Not only a cultural foundation, an entire cultural movement could be formed and shaped by one simple phrase: “I believe in the supreme worth of the individual.” These words, a favorite motto of John D. Rockefeller, Jr., helped inspire his son, John D. Rockefeller III, to establish the Asian Cultural Program in 1963 with the purpose of supporting cultural exchange between Asia and the United States through grants made to extremely talented individuals for work in the visual and performing arts and for projects in the humanities. Artists, scholars, and researchers of diverse origins and disciplines reaped the benefits of those first grants. The key to success for the ACC’s unique program lay in carefully selecting those individuals, closely advising them, and providing them with a peerless level of personal and intensive programming. As Mr. Rockefeller wrote in 1975 on the foundation’s thirteenth anniversary: “The fostering of cultural relations can be a form of insurance for the future of this dangerous but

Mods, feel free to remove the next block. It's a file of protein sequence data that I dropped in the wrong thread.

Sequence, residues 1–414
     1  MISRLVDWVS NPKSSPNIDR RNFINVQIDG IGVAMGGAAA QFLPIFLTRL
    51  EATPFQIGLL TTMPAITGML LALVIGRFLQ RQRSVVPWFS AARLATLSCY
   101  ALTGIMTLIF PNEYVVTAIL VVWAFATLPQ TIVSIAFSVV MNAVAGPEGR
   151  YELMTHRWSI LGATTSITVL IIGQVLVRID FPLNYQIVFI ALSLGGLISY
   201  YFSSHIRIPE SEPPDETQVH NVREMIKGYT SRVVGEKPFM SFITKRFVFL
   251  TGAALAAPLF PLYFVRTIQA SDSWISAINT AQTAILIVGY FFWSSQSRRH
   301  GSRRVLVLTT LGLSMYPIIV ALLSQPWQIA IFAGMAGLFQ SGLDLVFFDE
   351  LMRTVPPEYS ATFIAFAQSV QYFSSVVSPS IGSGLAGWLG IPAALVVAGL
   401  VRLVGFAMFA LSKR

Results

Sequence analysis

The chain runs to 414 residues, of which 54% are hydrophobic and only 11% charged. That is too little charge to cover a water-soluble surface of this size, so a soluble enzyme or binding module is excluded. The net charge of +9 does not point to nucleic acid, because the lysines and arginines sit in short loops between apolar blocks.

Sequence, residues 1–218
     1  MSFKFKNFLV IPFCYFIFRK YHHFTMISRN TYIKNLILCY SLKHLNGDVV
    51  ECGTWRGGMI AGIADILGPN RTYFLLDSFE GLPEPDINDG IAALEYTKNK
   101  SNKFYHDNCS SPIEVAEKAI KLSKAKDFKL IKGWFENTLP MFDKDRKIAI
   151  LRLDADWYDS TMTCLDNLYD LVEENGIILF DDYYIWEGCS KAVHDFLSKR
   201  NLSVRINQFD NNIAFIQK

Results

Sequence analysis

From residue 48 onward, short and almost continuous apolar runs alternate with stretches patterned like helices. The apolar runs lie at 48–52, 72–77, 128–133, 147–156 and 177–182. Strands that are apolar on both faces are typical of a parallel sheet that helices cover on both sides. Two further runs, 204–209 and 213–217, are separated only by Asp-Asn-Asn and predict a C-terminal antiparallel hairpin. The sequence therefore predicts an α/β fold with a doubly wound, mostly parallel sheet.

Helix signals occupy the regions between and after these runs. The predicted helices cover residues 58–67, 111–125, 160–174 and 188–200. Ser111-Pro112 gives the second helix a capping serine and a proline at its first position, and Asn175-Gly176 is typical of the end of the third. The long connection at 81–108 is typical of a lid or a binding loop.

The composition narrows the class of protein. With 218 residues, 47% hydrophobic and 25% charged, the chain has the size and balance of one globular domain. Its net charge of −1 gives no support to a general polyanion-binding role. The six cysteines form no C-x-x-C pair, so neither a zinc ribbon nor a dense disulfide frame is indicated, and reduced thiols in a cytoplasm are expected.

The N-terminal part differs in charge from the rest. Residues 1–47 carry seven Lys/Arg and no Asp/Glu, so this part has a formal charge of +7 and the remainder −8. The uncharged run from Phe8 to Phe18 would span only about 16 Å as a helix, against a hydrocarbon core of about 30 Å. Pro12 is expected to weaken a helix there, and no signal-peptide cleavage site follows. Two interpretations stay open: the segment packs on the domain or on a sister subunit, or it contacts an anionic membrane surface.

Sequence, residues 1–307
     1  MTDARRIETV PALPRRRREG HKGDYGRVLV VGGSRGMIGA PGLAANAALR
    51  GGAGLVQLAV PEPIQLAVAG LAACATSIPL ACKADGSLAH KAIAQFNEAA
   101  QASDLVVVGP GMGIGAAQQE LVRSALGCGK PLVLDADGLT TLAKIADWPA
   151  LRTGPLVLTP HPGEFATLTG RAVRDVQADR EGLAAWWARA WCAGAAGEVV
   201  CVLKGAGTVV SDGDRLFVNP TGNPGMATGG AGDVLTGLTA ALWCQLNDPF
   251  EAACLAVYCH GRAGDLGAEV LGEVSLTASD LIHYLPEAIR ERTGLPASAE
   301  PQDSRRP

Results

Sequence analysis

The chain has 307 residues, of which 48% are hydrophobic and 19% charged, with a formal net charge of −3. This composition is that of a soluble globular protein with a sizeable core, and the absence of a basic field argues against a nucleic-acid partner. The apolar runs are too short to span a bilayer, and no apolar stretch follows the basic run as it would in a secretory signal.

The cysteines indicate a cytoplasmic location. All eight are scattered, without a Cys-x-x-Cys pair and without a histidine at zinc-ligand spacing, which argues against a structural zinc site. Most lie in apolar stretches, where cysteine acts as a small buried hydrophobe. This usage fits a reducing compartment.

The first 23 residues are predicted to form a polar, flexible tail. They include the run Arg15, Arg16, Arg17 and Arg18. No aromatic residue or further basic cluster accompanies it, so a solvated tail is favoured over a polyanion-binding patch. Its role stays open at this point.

exciting world. Enhancing respect and admiration among peoples can go a long way in keeping the door open for ongoing communication and also be a rewarding experience for those involved on both sides.” With over sixty percent of the world’s population presently living in Asia and the Asian economy expanding in unprecedented ways, the potential impact and reach of the Asian Cultural Council is even larger. Today, the ACC is the only organization in the world whose sole mission is to support cultural exchange between the United States and Asia and within the countries of Asia. Headquartered in New York City, the ACC maintains offices in Hong Kong and Tokyo, with partner foundations in Manila and Taipei. It is both a grant-making and grant-seeking organization, raising funding from corporate, foundation, and individual donors in both the United States and Asia. Over 6,000 Asian and American artists, scholars, and specialists in the arts have benefited from the ACC in the past five decades. The organization currently awards approximately one hundred grants annually. John D. Rockefeller III proved himself prescient when, 35 years ago, he said Americans “viewed international relations primarily in political and economic terms with comparatively little attention given to the cultural dimension.” The result, he wrote, “is that our world outlook has tended to be bound by our own culture instead of being broadened by a sensitivity to other cultures.” His words remain true today.